Have you ever wondered how a typical day looks like when living and working in New Zealand as a horticultural worker? I went to New Zealand with no expectations and without even knowing what my next steps would be. However, I eventually turned out to become a full-time horticultural worker during my working period and it was well out of what I would have imagined! Read on to see how a typical day would look like for you on work days, rest days and holidays.

1. Typical Work Day as a horticultural worker

A typical work day in New Zealand looks like this as a horticultural worker:

Starting the day

  • Wake up as early as 6am and wash up. Queue for your turn at the toilet if you’re using a shared toilet in your accommodation.
  • Prepare breakfast and packed lunch. Factor enough time to finish up your breakfast and even queue to use the kitchen if you’re sharing the space with housemates
  • Gear up for work. If you’re working outdoors, prepare to shield yourself against the sun. If you’re working indoors as in a cold packhouse, prepare all your thick winter wear to guard against the cold. Also, don’t forget to pack in a large water bottle and your packed lunch!! Forget them and you’re in for a painful day at work.

Getting to work

blueberry picking new zealand, a typical day in New Zealand as a horticultural worker
  • Work like mad. Hustle, hustle hustle. Back in Singapore, I had the luxury of enjoying my lunch breaks at my own time own target. In New Zealand, things were very different. Various jobs have different lunch breaks. As a blueberry picker, I got to pick my own lunch time and eat for as long as I want as I was paid by the minute. As a blueberry packer, I only had 30 minutes for lunch and two 15-minutes break for a full 8 to 10 hours shift. However, as a potato grader, I only had 15 minutes for lunch and no breaks unless requested for the 12-hour shift. Just imagine how hard we worked.

End of a tiring work day

Cooking on a typical day in New Zealand as a horticultural worker
  • Get home and queue to use the toilet and kitchen again. This was a daily “warzone” with our housemates but it was really fun as we always got ideas from each other’s menu and even shared our food on certain days.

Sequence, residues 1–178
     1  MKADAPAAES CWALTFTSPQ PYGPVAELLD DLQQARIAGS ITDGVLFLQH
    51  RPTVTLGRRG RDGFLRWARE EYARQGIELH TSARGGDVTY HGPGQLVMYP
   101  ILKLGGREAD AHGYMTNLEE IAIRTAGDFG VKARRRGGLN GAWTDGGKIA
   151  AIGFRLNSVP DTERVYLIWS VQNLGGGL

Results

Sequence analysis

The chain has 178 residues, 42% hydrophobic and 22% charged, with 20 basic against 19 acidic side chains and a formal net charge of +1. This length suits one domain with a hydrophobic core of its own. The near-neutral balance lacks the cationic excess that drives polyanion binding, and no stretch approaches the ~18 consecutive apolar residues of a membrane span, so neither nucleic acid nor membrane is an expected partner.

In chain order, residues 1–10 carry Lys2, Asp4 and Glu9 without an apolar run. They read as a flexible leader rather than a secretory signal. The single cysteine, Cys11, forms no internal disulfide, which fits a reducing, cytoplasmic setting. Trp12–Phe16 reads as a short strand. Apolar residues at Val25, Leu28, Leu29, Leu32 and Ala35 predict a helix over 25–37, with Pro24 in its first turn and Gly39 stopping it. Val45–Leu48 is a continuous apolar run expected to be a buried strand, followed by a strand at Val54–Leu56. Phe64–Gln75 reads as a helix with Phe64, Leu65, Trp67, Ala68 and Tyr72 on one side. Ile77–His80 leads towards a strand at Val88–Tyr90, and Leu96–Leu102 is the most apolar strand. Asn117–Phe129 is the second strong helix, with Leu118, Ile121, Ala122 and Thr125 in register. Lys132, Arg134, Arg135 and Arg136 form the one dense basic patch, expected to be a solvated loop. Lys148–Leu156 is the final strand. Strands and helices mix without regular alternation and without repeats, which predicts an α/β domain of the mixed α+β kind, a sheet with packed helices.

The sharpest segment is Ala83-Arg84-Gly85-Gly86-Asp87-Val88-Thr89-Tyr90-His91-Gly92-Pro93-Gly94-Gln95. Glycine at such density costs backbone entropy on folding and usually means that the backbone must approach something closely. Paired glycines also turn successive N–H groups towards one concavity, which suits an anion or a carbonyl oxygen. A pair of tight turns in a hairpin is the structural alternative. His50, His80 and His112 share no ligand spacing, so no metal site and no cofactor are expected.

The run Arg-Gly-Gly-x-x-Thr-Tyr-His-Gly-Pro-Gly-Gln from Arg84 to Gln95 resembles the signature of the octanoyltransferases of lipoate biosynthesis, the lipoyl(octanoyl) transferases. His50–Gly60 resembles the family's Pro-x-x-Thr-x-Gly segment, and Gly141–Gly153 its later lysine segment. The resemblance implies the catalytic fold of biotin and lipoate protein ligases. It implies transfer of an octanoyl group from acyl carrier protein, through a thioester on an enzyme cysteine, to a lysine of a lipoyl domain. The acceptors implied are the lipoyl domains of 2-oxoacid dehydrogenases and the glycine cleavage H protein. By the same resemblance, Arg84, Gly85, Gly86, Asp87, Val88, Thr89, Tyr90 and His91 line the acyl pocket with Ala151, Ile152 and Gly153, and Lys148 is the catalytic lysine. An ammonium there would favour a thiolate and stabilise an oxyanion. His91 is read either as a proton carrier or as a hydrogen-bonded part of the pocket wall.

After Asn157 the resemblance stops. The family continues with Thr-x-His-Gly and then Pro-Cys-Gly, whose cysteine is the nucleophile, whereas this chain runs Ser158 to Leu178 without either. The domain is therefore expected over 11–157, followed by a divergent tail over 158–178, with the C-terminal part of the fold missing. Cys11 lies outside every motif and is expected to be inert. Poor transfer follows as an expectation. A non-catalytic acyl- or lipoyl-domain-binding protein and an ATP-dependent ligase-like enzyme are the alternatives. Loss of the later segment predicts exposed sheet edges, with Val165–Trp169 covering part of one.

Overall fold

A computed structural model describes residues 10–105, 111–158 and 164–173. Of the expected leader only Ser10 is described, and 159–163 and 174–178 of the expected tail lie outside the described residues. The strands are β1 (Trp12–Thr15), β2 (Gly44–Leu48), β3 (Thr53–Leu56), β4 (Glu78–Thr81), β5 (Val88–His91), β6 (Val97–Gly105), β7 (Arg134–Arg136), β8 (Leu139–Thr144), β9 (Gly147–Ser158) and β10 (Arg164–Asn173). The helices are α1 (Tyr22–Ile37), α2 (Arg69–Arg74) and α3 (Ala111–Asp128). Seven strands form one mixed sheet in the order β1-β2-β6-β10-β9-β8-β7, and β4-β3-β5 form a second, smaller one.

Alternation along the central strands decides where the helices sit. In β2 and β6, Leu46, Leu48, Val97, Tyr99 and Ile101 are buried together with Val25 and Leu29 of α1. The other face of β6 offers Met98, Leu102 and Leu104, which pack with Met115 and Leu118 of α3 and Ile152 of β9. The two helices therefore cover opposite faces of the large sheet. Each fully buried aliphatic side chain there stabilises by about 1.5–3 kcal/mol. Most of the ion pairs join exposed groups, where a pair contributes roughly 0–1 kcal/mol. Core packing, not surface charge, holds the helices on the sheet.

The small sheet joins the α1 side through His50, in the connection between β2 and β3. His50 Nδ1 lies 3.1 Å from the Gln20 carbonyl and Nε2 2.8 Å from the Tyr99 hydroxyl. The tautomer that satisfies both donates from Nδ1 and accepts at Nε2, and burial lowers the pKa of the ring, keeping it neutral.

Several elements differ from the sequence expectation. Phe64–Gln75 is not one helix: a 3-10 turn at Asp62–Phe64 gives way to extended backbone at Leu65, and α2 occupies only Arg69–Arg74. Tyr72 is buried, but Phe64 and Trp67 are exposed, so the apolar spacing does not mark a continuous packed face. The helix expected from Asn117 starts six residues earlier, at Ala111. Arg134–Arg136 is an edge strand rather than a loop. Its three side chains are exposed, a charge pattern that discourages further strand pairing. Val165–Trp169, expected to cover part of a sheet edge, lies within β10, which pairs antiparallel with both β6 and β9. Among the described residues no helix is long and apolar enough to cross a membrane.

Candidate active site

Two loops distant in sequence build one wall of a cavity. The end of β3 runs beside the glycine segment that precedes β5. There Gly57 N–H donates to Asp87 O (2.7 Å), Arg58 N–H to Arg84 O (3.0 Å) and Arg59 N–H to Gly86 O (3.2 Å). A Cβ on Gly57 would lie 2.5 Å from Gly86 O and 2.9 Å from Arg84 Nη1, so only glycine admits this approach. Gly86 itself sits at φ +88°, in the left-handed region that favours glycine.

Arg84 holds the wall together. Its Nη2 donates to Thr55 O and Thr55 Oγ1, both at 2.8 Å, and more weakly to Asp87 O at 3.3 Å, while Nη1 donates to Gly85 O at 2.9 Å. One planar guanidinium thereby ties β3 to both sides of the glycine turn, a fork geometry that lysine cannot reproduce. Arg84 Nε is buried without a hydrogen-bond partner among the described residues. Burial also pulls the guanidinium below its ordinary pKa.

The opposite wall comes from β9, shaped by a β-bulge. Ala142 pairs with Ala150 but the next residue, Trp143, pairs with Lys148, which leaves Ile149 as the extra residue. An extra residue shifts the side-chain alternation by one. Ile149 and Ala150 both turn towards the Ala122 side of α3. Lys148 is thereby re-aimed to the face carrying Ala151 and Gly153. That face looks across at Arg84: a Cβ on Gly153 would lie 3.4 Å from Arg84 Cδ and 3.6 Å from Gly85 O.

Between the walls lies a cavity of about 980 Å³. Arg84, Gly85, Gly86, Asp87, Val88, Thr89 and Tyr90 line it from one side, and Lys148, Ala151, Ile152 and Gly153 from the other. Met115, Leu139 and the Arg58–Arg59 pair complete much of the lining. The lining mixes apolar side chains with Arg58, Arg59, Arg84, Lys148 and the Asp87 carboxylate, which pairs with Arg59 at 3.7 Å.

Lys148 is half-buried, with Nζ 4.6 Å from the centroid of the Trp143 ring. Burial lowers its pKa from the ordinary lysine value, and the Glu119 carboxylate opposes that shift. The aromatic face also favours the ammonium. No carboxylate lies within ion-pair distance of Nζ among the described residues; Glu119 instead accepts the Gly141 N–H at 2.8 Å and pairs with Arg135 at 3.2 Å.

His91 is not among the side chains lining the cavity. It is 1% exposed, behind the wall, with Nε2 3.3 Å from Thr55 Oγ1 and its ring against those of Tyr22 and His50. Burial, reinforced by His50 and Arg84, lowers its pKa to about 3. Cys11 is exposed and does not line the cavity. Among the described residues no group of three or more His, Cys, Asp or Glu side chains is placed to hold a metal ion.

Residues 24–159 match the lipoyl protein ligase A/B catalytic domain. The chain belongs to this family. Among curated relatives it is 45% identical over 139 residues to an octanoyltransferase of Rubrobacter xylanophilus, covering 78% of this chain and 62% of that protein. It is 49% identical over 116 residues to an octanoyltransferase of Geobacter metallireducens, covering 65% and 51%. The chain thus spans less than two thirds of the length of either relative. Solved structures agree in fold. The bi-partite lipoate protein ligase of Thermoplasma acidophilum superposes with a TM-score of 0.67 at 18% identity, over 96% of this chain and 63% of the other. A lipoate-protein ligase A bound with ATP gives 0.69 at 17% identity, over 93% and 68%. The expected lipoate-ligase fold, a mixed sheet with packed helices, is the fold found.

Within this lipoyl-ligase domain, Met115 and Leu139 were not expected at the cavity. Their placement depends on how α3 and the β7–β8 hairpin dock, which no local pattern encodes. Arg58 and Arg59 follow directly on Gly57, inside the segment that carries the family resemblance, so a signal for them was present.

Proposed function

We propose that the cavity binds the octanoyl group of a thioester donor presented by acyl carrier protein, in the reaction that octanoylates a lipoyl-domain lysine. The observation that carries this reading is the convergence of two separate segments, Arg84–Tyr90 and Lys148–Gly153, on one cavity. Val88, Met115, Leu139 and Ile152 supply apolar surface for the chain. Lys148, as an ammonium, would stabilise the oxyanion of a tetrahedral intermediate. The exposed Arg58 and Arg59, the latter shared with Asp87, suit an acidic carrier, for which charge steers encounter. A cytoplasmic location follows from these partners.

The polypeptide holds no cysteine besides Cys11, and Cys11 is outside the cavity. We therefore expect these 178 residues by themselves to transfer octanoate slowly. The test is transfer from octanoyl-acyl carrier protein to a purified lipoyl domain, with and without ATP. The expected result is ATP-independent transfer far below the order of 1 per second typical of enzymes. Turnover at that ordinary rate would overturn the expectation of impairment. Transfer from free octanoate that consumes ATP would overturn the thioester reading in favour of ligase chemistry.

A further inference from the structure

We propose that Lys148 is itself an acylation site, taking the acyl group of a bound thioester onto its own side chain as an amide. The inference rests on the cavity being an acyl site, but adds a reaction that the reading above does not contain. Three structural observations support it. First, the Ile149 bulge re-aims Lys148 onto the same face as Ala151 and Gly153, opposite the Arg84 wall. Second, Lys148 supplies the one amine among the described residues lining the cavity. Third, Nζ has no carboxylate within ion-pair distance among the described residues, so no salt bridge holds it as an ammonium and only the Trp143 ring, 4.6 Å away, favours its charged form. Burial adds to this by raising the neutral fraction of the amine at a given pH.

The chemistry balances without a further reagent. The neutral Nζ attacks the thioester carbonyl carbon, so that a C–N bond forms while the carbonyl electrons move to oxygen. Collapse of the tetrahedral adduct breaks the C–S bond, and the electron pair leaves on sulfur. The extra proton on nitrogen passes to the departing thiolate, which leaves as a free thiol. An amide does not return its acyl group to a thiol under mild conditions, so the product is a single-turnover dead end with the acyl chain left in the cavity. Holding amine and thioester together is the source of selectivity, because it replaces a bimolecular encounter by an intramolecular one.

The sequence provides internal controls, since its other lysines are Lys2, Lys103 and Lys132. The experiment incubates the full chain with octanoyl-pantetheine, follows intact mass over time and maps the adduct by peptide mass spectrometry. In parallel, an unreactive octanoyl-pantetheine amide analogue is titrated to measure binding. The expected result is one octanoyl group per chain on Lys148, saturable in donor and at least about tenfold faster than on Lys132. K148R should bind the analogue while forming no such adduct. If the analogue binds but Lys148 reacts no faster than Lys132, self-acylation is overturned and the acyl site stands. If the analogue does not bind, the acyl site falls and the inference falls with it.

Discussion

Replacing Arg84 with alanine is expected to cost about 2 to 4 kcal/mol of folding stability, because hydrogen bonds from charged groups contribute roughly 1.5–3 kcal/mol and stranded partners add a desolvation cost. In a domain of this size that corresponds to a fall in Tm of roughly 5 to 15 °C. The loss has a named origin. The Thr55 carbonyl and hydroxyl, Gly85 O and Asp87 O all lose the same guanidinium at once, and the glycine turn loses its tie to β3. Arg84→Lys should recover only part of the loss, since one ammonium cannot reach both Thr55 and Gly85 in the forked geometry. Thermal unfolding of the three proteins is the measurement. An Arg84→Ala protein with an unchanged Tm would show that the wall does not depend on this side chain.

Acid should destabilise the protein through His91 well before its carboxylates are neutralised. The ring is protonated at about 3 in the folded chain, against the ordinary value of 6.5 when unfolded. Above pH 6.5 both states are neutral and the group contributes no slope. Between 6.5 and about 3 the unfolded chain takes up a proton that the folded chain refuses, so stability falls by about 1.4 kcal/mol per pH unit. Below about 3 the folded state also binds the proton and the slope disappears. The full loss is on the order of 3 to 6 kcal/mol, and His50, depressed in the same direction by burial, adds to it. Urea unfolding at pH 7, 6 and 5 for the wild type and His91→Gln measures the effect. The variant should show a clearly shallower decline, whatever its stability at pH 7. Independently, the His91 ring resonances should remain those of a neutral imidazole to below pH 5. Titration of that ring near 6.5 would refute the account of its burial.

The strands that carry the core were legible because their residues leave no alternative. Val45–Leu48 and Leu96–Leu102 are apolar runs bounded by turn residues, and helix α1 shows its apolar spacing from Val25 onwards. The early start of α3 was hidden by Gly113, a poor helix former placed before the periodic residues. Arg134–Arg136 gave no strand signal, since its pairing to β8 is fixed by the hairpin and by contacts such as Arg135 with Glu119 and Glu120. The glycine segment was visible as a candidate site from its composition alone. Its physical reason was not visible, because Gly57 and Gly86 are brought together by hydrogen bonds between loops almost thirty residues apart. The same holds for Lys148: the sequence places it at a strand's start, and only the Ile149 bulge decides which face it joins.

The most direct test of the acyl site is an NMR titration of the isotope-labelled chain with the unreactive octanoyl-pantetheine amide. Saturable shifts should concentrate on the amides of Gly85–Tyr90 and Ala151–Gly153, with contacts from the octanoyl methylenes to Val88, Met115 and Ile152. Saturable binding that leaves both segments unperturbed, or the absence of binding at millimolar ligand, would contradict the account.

• Have dinner and enjoy a leisure chat with your housemates or even a movie night if you feel like it. Drink some wine if you’d like too. New Zealand is like a wonderland for wines, so you get to try a large variety of wine from all over the country.
  • Write your journal for the day or update your social media with it so you can remember what happened years down the road.
  • Sleep and repeat your day tomorrow. My work shifts also changes with the jobs I had. As a blueberry packer, we worked a 5.5 day work week, while a 6-days work week for potato graders.

2. Finally a Rest Day! What should I do?

Finally a rest day, should I sleep in? Yes, definitely sleep past 6am please HAHA! Then, get up early enough to enjoy this particularly precious rest day.

  • Stock up on groceries. This is very essential as I only have the energy to do this once a week with my hectic work schedule. The nearest large supermarket around where I was then was a 30 minutes drive away. Hence, I always make sure to buy enough to last for the next week.
  • Add petrol to your vehicle. Again, it’s just because I’m lazy to do so on a weekday evening when I’m already drained HAHA! It helps that the petrol kiosk is right next to the supermarkets too 🙂
  • Plan for your holidays! With the nature of our job, sometimes there are days we don’t have to work because of bad weather or a machine malfunction. That’s when we get to travel to nearby places over the longer weekends. I was based in Hastings and actually made use of all the long weekends to explore places from Taupo, Rotorua, Napier, Gisborne, Taumarunui and New Plymouth. Just note that sometimes last-minute planning is unavoidable as we would only know of our work schedule the night before.
  • Just chill and watch Netflix. Here’s when I accummulated lots of wine and chips in my tummy.
  • Catch up on non-working holiday life. I chatted with my family and friends back in Singapore, updating
  • Enjoy the activities in your area too. I hung out at cafes with my housemates for a leisure coffee break and also did hikes nearby such as the Shine Falls, Sugarloaf Reserve and Te Mata Peak.

3. Holiday time!!!

Well, you don’t need me to tell you how a holiday works in New Zealand! I just thought of including this here to identify things that are definitely iconic and unique to a holiday in New Zealand. You can even check out my travel guides to the North Island and South Island if you need some inspiration on how to plan for your trips too!

  • Check the weather each time you wake up. This became a habit when I was there as many activities are easily affected by the weather. From skydiving, bungy jumping, heli-hikes to even normal hiking, you would pray for good weather to get the best experience.
  • Check the maps for the route you’re taking for the day. You never know when there may be a road closure overnight becuase of a heavy rain that caused a landslide. I encountered that at least twice on my travels and had to detour or change our plans because we could not get to our next destination. Use the New Zealand Road Planner to plan your trip!
  • Plan for regular trips to the supermarkets to stock up on food too if you’re not planning to always stay in the city. I cooked a lot during my travels in New Zealand. I think that’s really typical of a holiday in New Zealand especially if you’re staying the night at places like Mt Cook or Arthur’s Pass, where there’s not much food options available.

So, are all these within what you’ve expected of a typical day in New Zealand as a horticultural worker or even during a holiday? Share your thoughts with me!

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